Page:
The following monuments, unless otherwise described, are of the 17th century and of two storeys, timber-framed and with tiled or slate-covered roofs. Most of the buildings have exposed external timber-framing and internal ceiling-beams.
Condition—Good or fairly good, unless noted.
a(7). Cottage on The Batch, 900 yards N.N.W. of the church.
a(8). Cottage, on the N.E. side of the road, 50 yards N. of (6), has a modern addition on the N.W. side.
a(9). Green House, two tenements, on the S. side of the road, 200 yards E. of (8), has modern additions at the W. end.
a(10). Lower Wootton Farm, house, two tenements, on the N.E. side of the road, 1,460 yards N.N.W. of the church, consists of an L-shaped block at the S.W. end dating from c. 1600, and a large addition, made to the N.E. late in the same century. This addition was subsequently heightened. The S.E. end of the original block is gabled and the upper storey projects on shaped brackets; the window below is original and of five lights with moulded frame, mullions and transom.
a(11). Barn, on the W. side of the road, 120 yards N.W. of (10).
a(12). Bone House, cottage on the E. side of the road, 80 yards N.N.E. of (11).
a(13). Cottage, on the N. side of the road at Upper Wootton, 1 m. N.N.W. of the church.
a(14). Cottage, on the S. side of the road, 120 yards S.W. of (13).
a(15). Cottage, 160 yards W. of (14).
b(16). House and barn, on the N. side of Hopley's Green, 1,600 yards N.E. of the church. The House is of two storeys with cellars and attics; it has been largely refaced in brick. The Barn, W. of the house, is weather-boarded.
b(17). Cottage, now outbuilding at Brick House, 200 yards S.S.E. of (16).
b(18). Cottage, 50 yards S.W. of (17).
b(19). Upper Stocks (Plate 30), house, about 1 m. N.E. of the church, is probably of late mediæval origin with N. and S. cross-wings. About 1600 the middle block was re-built and a staircase added at the back. The S. cross-wing has been reduced in height and largely re-built. Part of the middle block and the staircase-wing have close-set timber-framing. Inside the building the N. wing retains a central roof-truss with diagonal braces probably of the 17th century. The staircase has square newels with shaped tops and slat-balusters. There is a 17th-century barn, partly weather-boarded.
b(20). Tan House, 350 yards S.S.E. of (19), has been largely refaced with modern brick.
b(21). Buck Inn at Woonton, about 1¼ m. E.N.E. of the church, has been refronted in stone.
b(22). Outbuilding, on the N. side of the road, 120 yards S.E. of (21).
b(23). Cottage, on the S. side of the road, nearly opposite (22).
b(24). Cottage, on the S. side of the road, 200 yards E. of (22), is of L-shaped plan with wings extending towards the N. and E. The E. wing is a later addition.
b(25). Cottage, 75 yards E. of (24).
b(26). Clarks Field or Gorsty Hall, cottage on the N.E. edge of the parish, 2 m. E.N.E. of the church. A barn W.S.W. of the cottage is of the same period.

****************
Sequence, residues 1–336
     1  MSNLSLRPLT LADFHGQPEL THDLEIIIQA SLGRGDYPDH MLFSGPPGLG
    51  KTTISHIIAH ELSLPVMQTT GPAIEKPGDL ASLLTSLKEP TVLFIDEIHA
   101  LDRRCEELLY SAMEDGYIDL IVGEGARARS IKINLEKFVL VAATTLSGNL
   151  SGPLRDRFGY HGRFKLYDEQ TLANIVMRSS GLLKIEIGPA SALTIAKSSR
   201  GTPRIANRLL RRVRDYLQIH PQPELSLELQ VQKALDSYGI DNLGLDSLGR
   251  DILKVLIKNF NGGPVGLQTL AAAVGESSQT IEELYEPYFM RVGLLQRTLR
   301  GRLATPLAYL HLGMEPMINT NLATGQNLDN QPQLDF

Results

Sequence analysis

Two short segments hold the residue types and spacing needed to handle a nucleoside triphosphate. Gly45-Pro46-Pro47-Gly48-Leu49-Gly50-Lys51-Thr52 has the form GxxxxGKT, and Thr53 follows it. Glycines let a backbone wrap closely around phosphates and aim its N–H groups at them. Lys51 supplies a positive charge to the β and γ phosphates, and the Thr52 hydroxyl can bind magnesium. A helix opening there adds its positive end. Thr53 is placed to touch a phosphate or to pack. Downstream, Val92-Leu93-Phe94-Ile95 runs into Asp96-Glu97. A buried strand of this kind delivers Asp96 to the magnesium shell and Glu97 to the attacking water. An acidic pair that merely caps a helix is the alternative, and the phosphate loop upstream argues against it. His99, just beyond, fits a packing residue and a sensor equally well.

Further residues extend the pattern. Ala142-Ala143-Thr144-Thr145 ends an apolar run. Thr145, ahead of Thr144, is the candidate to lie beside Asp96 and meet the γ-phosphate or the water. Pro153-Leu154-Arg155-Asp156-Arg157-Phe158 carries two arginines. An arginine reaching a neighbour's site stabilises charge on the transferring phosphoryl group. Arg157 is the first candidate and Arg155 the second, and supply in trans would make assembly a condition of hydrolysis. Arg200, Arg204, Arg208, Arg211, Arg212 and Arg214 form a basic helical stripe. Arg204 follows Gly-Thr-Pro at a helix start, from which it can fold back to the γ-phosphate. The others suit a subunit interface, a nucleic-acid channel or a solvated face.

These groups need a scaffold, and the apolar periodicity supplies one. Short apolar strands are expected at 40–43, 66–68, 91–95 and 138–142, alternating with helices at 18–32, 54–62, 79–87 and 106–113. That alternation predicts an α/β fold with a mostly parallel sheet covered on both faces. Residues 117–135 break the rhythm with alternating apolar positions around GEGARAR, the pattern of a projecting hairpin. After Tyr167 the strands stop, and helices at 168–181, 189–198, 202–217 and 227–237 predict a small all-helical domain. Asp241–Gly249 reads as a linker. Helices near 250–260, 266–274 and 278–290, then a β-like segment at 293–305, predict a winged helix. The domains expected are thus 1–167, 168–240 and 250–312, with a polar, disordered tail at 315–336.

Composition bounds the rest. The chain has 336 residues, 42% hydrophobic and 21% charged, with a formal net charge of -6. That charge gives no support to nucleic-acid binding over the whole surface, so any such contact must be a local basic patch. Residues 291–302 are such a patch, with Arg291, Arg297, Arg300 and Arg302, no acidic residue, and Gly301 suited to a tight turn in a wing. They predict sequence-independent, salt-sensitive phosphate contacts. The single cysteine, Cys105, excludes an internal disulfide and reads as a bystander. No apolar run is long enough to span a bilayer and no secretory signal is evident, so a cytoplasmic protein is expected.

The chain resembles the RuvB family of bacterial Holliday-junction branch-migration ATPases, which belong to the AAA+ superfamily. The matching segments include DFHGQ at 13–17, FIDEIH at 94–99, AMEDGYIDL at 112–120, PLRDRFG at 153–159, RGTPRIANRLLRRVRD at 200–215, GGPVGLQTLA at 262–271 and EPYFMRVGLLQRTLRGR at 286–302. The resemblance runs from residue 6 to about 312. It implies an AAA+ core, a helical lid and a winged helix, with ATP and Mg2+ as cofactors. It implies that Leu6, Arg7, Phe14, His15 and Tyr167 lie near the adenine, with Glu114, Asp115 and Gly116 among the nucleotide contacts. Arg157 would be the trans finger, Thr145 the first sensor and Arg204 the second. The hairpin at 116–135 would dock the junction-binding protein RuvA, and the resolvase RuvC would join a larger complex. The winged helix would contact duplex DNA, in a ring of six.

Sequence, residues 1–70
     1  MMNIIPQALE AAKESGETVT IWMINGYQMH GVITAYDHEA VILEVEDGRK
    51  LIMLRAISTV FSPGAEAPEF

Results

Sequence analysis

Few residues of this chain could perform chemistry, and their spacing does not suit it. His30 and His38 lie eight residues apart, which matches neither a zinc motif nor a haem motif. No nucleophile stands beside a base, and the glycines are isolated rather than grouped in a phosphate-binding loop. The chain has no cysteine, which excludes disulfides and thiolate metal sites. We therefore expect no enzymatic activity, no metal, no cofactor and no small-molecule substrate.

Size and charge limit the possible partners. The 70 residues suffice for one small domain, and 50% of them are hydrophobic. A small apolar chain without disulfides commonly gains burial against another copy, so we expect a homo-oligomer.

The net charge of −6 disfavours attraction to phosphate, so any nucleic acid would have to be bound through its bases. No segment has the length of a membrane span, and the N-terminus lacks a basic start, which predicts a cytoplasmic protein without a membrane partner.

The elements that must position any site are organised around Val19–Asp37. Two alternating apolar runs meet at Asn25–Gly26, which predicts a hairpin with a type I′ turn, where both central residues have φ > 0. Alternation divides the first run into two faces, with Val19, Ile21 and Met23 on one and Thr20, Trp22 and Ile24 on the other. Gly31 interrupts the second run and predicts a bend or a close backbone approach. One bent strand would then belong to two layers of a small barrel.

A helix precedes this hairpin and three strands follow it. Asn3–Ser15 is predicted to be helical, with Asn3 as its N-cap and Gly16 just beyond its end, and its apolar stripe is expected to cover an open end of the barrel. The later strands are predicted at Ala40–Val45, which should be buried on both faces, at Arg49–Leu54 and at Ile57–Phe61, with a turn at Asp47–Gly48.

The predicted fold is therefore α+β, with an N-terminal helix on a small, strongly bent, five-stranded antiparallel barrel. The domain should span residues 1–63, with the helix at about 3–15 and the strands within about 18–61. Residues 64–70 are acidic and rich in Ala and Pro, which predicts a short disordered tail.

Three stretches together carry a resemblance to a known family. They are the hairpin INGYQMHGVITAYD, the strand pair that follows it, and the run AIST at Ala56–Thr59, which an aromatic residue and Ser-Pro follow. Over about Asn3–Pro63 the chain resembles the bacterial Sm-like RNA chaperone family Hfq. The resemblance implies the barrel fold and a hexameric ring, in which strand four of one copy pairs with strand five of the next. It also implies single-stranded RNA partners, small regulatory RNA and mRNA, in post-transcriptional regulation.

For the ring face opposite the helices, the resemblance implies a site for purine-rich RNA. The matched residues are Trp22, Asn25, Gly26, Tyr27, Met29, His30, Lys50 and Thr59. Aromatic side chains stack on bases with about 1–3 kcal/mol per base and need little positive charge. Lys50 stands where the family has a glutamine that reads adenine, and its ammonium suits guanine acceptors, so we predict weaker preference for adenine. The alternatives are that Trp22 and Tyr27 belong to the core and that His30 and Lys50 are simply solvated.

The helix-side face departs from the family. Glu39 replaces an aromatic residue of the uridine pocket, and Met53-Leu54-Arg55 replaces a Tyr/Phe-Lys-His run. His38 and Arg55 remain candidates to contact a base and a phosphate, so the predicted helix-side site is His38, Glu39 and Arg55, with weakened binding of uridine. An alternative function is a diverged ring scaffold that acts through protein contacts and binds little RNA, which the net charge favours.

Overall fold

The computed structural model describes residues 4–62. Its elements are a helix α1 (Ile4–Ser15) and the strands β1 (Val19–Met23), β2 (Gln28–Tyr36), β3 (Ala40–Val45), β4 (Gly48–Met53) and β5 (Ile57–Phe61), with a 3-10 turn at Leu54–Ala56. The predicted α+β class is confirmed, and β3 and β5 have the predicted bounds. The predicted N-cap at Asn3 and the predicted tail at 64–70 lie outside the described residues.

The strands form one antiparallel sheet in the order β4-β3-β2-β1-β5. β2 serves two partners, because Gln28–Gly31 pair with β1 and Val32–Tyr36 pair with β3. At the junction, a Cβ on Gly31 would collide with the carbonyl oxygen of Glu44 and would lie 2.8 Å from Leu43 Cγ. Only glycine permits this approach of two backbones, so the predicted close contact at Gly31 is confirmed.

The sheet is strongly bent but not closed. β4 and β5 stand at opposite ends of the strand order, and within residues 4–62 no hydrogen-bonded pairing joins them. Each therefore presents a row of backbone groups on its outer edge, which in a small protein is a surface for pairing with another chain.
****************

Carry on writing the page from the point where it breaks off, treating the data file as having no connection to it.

d(27). Townsend, house, nearly 1¾ m. E. of the church, is of T-shaped plan with the cross-wing at the S.W. end.
b(28). Cottage, on the N. side of the road, near Woonton and 1¼ m. E.N.E. of the church.
b(29). Cottage, 20 yards S.W. of (28).
d(30). Barn at Woonton Farm, 40 yards S. of (29), is weather-boarded.
d(31). Spring Cottage, on the N. side of the road, 1 m. E.N.E. of the church, has been largely refronted in stone.
d(32). Hectors Alley, cottage on the S. side of the road, 220 yards W. of (31).
d(33). Cottage, on the edge of the parish at Upper Logaston, 1¼ m. E. of the church, has a thatched roof.
d(34). Cottage, 50 yards N.W. of (33).
d(35). House, on the N. side of Logaston Common, 1,600 yards E.S.E. of the church, is of irregular plan and probably of at least two dates. It has been partly refronted in modern brick. On the S. front is a doorway with a cut and shaped board in the head.
d(36). Cottage, 170 yards S. of (35).
d(37). Cottage, 120 yards S.W. of (35).
d(38). Cottage, on the S.E. side of the road, 720 yards E.N.E. of the church.
d(39). Cottage, 70 yards S.W. of (38).
c(40). Cottage, on the E. side of the road, 20 yards N.E. of the church, has been much altered and the roof heightened. Below one of the ceiling-beams is an original shaped bracket.
c(41). Cottage, on the S. side of the road, 80 yards W.N.W. of the church.
c(42). Castle Frome, house, 230 yards S. of the church, is of mediæval origin, the E. part, now a barn, being the former hall with a cross-wing at the W. end. The date of the hall is uncertain, but two crutch-trusses in the western part appear to be earlier than the truss further E. which may form part of a 14th or 15th-century extension. This truss is also of crutch-form, but has a tie with curved braces below and remains of cusped struts above.
c(43). Laundry Cottage, ½ m. W.N.W. of the church.
c(44). Little Upcott, cottage, ½ m. S.W. of the church, is of two dates in the 17th century.
c(45). Lower Upcott, house and outbuildings, 170 yards S.W. of (44). The House was built late in the 16th or early in the 17th century on an L-shaped plan with the wings extending towards the N.W. and S.W. The N.W. wing was extended in the 17th and 18th century. The upper storey of the S.W. wing projects on a moulded bressummer; the angle post on the first floor level has a weathered attached shaft. The Out-buildings include a barn W. of the house, a smaller barn S. of the house, and a two-storeyed building N.E. of the house, all probably of the 17th century.
c(46). Outbuildings, at New House, nearly 1 m. W. of the church, include a barn and a two-storeyed building, both of the 17th century.